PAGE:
A small, cash-strapped website that publishes documents governments want kept secret has caught the attention of the Pentagon, which says the site poses a possible threat to US troops.
A report by the US Army Counterintelligence Center says the whistleblower website WikiLeaks poses a potential danger to safeguarding troops, protecting sensitive information, and "operational security."
"WikiLeaks is currently under an aggressive US and Icelandic surveillance operation. Following/photographing/filming/detaining," Wikileaks posted on the microblogging site Twitter.
"If anything happens to us, you know why: it is our Apr 5 film. And you know who is responsible," it added, about an hour later.
The Twitter feed also said that Wikileaks editor Julian Assange, an Australian, had been tailed on his way from Iceland, and another site employee was detained for 22 hours. Computers were also seized, it said.
"We have airline records of the State Dep/CIA tails. Don't think you can get away with it. You cannot. This is WikiLeaks."
"We have been shown secret photos of our production meetings and been asked specific questions during detention related to the airstrike. "
WikiLeaks also urged its Twitter followers to contact them if they knew anything about the 'operations against us'.
The last Twitter message from the site was published 16 hours after the first ones and said:
"To those worrying about us--we're fine, and will issue a suitable riposte shortly."
Military analysis published
A military analysis appeared this week on the WikiLeaks website, the latest document posted on the site that seeks to uncover information governments and companies try to keep from public view.
US Army spokesman Gary Tallman confirmed the report on the website was "genuine."
The report expresses concern that the website posted 2,000 pages of documents with precise details of military equipment in Iraq and Afghanistan from April 2007, describing them as "nearly the entire order of battle."
Tallman said that information has a "shelf life" and has become outdated.
"The information in the review is now dated to the point where it no longer presents the same national security concerns as it did when the report was generated," he told AFP.
Aim to expose contributors
The 2008 army report suggests trying to expose those who leak documents WikiLeaks as a way of undermining the website.
Sites such as WikiLeaks "use trust as a center of gravity by protecting the anonymity and identity of the insiders, leakers, or whistleblowers," it said.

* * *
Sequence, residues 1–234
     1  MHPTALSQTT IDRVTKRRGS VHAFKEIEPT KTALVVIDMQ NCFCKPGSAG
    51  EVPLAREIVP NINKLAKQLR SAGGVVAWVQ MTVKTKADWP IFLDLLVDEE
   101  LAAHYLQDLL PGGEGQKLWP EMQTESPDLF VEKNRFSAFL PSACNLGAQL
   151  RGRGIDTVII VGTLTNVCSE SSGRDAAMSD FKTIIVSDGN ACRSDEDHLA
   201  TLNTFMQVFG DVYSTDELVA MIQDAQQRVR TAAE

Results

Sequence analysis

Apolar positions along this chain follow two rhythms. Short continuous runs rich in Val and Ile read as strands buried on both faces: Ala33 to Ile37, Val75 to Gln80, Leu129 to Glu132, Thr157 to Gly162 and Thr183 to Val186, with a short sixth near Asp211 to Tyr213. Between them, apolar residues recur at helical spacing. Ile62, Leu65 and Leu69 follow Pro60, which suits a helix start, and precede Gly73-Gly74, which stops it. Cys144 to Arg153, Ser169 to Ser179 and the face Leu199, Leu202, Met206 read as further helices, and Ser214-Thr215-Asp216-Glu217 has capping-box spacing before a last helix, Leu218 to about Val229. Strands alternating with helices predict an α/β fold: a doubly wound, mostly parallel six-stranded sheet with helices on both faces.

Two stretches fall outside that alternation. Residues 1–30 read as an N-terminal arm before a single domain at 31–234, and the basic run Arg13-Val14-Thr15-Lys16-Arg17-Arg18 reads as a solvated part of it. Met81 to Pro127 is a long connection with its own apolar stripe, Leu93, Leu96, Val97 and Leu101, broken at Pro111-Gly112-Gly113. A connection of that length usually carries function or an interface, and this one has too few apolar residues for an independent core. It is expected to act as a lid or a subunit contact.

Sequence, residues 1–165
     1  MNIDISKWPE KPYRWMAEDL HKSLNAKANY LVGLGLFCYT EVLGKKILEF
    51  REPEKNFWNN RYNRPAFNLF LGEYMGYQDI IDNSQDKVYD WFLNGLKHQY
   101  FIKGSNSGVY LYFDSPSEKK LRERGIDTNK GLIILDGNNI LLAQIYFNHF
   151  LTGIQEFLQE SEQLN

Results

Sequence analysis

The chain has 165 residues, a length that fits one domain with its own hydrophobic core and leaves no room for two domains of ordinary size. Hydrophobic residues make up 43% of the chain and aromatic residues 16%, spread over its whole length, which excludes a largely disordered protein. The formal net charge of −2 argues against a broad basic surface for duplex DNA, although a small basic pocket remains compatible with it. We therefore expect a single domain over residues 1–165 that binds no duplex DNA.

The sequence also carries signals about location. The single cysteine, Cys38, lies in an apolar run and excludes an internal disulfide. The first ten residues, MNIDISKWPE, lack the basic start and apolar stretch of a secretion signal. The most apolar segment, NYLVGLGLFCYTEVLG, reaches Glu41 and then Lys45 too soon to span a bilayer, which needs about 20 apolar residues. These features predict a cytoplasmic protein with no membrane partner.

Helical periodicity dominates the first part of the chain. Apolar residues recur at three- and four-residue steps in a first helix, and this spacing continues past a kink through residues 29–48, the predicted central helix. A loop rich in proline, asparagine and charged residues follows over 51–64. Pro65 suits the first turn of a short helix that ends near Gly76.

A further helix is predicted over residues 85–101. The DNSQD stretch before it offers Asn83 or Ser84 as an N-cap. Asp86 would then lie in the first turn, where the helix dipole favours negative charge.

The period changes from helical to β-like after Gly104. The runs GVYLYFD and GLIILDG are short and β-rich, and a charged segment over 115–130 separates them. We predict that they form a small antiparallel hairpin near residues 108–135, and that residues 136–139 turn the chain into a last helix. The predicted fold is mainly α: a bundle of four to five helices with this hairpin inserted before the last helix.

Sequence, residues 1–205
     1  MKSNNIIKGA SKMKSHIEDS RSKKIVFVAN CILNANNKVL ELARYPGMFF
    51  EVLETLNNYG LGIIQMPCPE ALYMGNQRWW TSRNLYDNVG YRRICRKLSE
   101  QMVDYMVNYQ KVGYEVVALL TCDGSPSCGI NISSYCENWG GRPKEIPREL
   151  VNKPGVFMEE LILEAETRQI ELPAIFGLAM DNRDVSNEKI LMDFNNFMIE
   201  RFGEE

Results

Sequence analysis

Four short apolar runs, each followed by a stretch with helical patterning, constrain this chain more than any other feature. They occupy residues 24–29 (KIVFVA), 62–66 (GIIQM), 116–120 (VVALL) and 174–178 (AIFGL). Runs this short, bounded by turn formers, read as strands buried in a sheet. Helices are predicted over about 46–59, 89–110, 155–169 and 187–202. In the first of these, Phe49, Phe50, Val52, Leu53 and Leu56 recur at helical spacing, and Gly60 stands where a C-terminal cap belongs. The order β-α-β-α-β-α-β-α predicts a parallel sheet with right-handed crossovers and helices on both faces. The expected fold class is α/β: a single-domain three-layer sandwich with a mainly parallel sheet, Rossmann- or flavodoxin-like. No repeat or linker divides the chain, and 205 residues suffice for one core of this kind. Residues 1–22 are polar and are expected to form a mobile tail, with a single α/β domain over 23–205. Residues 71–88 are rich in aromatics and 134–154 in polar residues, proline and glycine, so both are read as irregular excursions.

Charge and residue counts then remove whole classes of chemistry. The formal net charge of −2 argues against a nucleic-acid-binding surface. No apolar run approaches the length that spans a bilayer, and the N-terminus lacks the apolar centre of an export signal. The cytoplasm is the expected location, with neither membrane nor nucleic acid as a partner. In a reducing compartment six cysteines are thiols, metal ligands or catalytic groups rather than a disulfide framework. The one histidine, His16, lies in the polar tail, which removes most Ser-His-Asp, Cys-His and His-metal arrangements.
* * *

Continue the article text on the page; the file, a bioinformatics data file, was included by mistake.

"The identification, exposure, termination of employment, criminal prosecution, legal action against current or former insiders, leakers, or whistleblowers could potentially damage or destroy this center of gravity and deter others considering similar actions from using the Wikileaks.org Web site."
Tallman said the military seeks to safeguard sensitive information and is focused on preventing leaks that could endanger US forces or national security.
He said that "anyone who knowingly provides information marked as classified to anyone or an organization without a proper clearance or need to know is a serious matter, and subject to potential penalties under the law."
WikiLeaks, run by Sunshine Press, describes itself as a "non-profit organization funded by human rights campaigners, investigative journalists, technologists and the general public."
The site, which has to rely in part on public contributions to stay afloat, had to temporarily shut down earlier this year because of financial difficulties.
WikiLeaks says it has published more than one million documents from dissident communities and anonymous sources around the world about government and corporate corruption, human rights violations and other subjects.
The Swiss bank Julius Baer & Company LTD earlier this month dropped a legal attempt to force Wikileaks to shut down.
A US federal judge in San Francisco ruled that the website's postings of leaked documents is protected as free speech by the US Constitution.
Julius Baer went after Wikileaks in court after the website posted copies of internal documents indicating the company helped customers launder money illegally through the Cayman Islands.
Baer denied the accusations.